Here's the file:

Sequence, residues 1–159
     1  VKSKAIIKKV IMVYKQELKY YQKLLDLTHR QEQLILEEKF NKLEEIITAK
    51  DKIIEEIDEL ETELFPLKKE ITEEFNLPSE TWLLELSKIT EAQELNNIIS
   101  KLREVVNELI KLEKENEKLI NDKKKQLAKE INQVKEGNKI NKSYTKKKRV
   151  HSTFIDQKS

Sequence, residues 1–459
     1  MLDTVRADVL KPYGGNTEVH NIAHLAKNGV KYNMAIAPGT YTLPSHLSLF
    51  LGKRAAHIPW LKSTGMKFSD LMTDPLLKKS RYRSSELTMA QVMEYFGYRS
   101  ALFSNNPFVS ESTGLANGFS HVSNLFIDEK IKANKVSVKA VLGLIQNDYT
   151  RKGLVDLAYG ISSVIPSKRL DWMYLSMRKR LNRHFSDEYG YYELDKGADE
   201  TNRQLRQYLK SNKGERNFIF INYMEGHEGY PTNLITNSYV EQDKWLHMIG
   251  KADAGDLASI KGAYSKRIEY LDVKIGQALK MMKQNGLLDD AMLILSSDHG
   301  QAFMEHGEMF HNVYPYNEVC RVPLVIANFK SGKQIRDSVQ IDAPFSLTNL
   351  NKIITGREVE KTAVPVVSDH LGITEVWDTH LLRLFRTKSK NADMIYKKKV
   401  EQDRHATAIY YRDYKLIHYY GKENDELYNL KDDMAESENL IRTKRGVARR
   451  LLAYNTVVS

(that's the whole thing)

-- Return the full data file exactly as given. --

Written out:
Sequence, residues 1–159
     1  VKSKAIIKKV IMVYKQELKY YQKLLDLTHR QEQLILEEKF NKLEEIITAK
    51  DKIIEEIDEL ETELFPLKKE ITEEFNLPSE TWLLELSKIT EAQELNNIIS
   101  KLREVVNELI KLEKENEKLI NDKKKQLAKE INQVKEGNKI NKSYTKKKRV
   151  HSTFIDQKS

Sequence, residues 1–459
     1  MLDTVRADVL KPYGGNTEVH NIAHLAKNGV KYNMAIAPGT YTLPSHLSLF
    51  LGKRAAHIPW LKSTGMKFSD LMTDPLLKKS RYRSSELTMA QVMEYFGYRS
   101  ALFSNNPFVS ESTGLANGFS HVSNLFIDEK IKANKVSVKA VLGLIQNDYT
   151  RKGLVDLAYG ISSVIPSKRL DWMYLSMRKR LNRHFSDEYG YYELDKGADE
   201  TNRQLRQYLK SNKGERNFIF INYMEGHEGY PTNLITNSYV EQDKWLHMIG
   251  KADAGDLASI KGAYSKRIEY LDVKIGQALK MMKQNGLLDD AMLILSSDHG
   301  QAFMEHGEMF HNVYPYNEVC RVPLVIANFK SGKQIRDSVQ IDAPFSLTNL
   351  NKIITGREVE KTAVPVVSDH LGITEVWDTH LLRLFRTKSK NADMIYKKKV
   401  EQDRHATAIY YRDYKLIHYY GKENDELYNL KDDMAESENL IRTKRGVARR
   451  LLAYNTVVS